“[F]or behold from henceforth all generations shall call me blessed.”
It is obvious Mary has a special place in the Church; we even have many titles for her such as “Blessed Virgin Mary”, “Mother of God”, “Mother of all Christians”, “Mother of the Church” and “All Holy”. He have litanies prayed to her and pray the Rosary and prayers like Ave Maria, Salve Regina and the Memorare to her. This may all seem strange to the Protestant who is used to the concept that we must pray to God alone and that any sign of praying to angels or saints is idolatry or the worship of false gods. Mary is not a goddess in our Catholic faith; she receives hyperdulia which is intensified veneration, but divine adoration is given to God alone who is Father, Son and Holy Spirit (rf. Catechism of the Catholic Church, no. 971).
In the early Church Christians gathered with the Holy Mother to pray and worship God (rf. Acts 1:14). She was that physical connection to her Son our Lord God and Savior. This devotion did not die down. A letter allegedly written by Saint Ignatius of Antioch was sent to the Mother of God and she responded with “cling to them [teachings], and hold fast the profession of that Christianity which you have embraced, and conform your habits and life to your profession.” In the 1st century we already see a clear sign of Christians asking for help from Mary who replies with an answer as she does in various approved apparitions. It is similar in the case of the wedding feast in Cana where Jesus and His disciples were there along with His Mother and they found out they were out of wine; so Mary announced this to Jesus who changed water into wine but shortly before that she told the servants, “Do whatever He tells you” (John 2:5). The following is a 3rd century petition to Mary.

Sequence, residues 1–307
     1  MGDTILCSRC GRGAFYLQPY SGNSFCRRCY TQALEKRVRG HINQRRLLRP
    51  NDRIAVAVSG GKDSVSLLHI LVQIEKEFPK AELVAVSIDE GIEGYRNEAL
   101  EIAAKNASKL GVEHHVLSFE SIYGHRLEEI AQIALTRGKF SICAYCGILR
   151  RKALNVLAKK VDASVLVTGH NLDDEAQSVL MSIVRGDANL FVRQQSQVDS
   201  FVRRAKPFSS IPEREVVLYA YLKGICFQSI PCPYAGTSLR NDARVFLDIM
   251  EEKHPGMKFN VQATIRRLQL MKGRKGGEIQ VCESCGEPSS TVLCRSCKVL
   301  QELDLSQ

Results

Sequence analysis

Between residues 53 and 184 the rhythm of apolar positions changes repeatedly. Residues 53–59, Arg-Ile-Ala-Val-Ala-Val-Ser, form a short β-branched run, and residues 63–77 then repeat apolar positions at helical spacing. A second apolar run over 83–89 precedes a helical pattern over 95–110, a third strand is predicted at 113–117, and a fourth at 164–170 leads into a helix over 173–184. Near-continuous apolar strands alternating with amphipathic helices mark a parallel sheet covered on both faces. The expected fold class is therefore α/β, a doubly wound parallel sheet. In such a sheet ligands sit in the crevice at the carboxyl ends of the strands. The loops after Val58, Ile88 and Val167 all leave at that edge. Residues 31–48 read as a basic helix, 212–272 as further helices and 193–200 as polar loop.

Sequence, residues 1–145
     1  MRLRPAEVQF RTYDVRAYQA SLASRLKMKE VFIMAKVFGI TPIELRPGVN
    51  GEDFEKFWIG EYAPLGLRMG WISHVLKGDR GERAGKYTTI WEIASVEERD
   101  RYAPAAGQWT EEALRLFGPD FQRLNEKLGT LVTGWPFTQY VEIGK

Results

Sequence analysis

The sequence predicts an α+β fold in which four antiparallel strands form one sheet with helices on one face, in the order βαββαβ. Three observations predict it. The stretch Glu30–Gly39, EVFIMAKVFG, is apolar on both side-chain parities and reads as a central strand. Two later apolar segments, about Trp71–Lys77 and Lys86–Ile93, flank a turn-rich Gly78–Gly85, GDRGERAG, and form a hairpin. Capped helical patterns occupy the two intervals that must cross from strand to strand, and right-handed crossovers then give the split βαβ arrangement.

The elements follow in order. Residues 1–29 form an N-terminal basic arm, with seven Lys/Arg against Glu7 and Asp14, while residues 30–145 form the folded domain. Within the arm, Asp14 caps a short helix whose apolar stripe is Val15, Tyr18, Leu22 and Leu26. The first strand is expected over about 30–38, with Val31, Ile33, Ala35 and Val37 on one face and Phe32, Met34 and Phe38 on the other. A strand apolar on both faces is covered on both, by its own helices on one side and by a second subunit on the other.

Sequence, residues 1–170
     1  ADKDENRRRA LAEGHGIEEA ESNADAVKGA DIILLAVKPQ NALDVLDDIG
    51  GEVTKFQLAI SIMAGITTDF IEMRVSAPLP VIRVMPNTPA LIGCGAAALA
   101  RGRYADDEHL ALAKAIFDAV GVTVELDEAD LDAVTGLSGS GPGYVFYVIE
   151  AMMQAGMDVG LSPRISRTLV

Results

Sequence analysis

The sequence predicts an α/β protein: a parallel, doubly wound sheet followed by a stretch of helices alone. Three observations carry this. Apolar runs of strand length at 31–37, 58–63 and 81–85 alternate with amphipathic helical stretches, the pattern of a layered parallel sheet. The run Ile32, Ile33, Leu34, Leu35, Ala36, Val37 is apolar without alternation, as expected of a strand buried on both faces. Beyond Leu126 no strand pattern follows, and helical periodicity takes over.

We fly to your patronage,
O holy Mother of God,
despise not our petitions
in our necessities,
but deliver us from all dangers.
O ever glorious and blessed Virgin.
Even the adoration of the Magi passively mentions the veneration of Mary as they found her with Jesus and paid Him homage (rf. Matthew 2:11). It would have been normal to pay respects to a woman who just gave birth to a child, especially a son and a divine and messianic one at that. Many early Christian frescos depict the Madonna and Child, some including the Magi as seen in the Roman Catacombs.
We see Judith as a type of Mary, meaning she foreshadows the Blessed Virgin. The Israelites venerated Judith, saying, “The Lord hath blessed thee by his power, because by thee he hath brought our enemies to nought” (13:22), and titles like “the glory of Jerusalem”, “the joy of Israel”, and “the honour of our people” (15:10). In festivity they danced and played music. We see this fulfilled in Mary by whom God the Son brought our enemies to nought and these are the demons; so Mary is “the glory of Jerusalem”, “the joy of Israel”, and “the honour of our people”. We already see an early reference to Mary as the New Even through whom salvation came.
“(The Son of God) became man through the Virgin that the disobedience caused by the serpent might be destroyed in the same way in which it had originated. For Eve, while a virgin incorrupt, conceived the word which proceeded from the serpent, and brought forth disobedience and death.” ~ Saint Justin Martyr (Dialogue with Trypho, ch. 100).
Saint Irenaeus of Lyons mentions that Mary became “the cause of salvation for herself and the whole human race” (cf. Adversus Haereses, Bk. 3). So, it is well established in early Christianity that Mary was very highly revered. We give her honor because of her role in our salvation. Because of this we pray the following.
Hail, holy Queen, Mother of mercy, our life, our sweetness and our hope. To thee do we cry, poor banished children of Eve. To thee to we send up our sighs, mourning and weeping in this valley of tears. Turn, then, most gracious advocate, thine eyes of mercy toward us, and after this, our exile, show unto us the blessed fruit of thy womb, Jesus. O clement, O loving, O sweet Virgin Mary.
V. Pray for us, O holy Mother of God.
R. That we may be made worthy of the promises of Christ.